Monday, 9 April 2012


Bloody Sunday started after Newbury feeding time with a panel on 'Biology of the zombie apocalypse, where I was joined (in the long-walk-away room 12) by "world experts in necrological studies" Dr Bob, Rob Haines, and Bill Sellers, moderated by Tom Womack. I was the lowly horror movie geek amongst the boffins, as we tried to figure out what makes the undead shamble about in search of human flesh. The hour went by quickly and the panel was certainly a lot of fun to do. Miraculously, nobody mentioned the taste of chicken.

Just before 11am, I was rushing to the Green Room for a drink, before meeting fellow panellists Dev Agarwal, Martin Easterbrook, and Graham Sleight, with moderator Lapswood (Chad Dixon), for my third and last programme item '20-odd years of CGI'. This was a particularly interesting topic as we tried to highlight various/ best examples of digital animation used in two decades of movies.

At noon, I went to hear Paul F. Cockburn, Paul McAuley, Martin Andersson, and James Treadwell talking about the current 'Sequelitis' affecting Hollywood, but had to leave early because I needed a drink and wanted to visit Ian Sales' launch party for the Rocket Science anthology he's edited for Mutation Press. After lunch, I went to the panel on 'Scientists and the media' in the Commonwealth main hall, where David L. Clements was moderator for Caroline Mullan, Paul Cornell, Jennifer Delaney, and Marek Kukula. It was a very worthwhile panel, as was the next discussion group for 'the science of Rocket Science', with the book's editor Ian Sales, and contributors Iain Cairns, Deborah Walker, and Martin McGrath.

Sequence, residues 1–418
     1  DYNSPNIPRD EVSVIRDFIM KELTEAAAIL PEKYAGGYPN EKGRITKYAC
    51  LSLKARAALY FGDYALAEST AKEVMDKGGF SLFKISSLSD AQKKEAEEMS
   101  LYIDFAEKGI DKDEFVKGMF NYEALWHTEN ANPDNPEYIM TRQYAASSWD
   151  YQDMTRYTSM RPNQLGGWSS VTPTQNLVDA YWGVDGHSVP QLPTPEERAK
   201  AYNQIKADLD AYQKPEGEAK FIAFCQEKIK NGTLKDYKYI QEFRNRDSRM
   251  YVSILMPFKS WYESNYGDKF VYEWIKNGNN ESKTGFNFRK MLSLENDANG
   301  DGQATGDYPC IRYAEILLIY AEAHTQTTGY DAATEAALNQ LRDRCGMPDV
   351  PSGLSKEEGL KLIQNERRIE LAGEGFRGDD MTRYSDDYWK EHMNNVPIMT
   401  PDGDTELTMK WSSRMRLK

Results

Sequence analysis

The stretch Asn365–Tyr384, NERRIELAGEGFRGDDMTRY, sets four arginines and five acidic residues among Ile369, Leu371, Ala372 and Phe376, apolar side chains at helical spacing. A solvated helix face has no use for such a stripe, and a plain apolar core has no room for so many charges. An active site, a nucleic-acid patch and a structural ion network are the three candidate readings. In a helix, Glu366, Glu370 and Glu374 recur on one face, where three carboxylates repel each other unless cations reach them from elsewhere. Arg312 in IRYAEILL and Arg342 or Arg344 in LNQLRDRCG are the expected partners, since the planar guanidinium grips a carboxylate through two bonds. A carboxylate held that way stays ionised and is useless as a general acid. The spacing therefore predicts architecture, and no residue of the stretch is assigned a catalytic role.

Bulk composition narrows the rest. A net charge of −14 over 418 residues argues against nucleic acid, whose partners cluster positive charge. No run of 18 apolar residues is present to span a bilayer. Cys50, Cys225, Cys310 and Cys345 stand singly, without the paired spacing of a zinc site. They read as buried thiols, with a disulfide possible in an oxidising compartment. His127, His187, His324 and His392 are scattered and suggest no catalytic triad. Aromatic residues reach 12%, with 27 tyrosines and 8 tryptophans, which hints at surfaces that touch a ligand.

At teatime, I was back in the main hall for a lively panel on 'The nature of heroism' with two guests-of-honour: Tricia Sullivan and George R.R. Martin, plus author Joe Abercrombie, blogger Genevieve Valentine, and moderator David Anthony Durham. Sullivan and Martin were both great, although in disagreement. After Jessica Yates talk about 'Superhero comics, graphic novels and the films they inspired', I went to the panel on 'Fantasy in our time' where Edward James, Andy Sawyer, and James Treadwell, were moderated by Graham Sleight, for a discussion about the influence of Tolkien and Howard.

The busy evening continued wiith the programme item 'Death of the author' as Ian Whates moderated for Ian Watson, Tanya Brown, Roz Kaveney, and Adam Christopher, in a discussion of shared-worlds in fiction. As expected, Watson was hilarious in a 10-minute talk about his contribution to Warhammer 40K. I wasn't keen on 'Multicultural steampunk', anyway, so I left that panel item after listening to a few minutes of authors talking, somewhat defensively, about diversification in a subgenre that seems like a lamentable dead-end in SF. The night's programme was obviously winding down by 10pm, as only a couple of the panellists for 'Worst and best movies of the year' bothered to turn up for the discussion, which started late and seemed haphazard, and was a bit disappointing for me.

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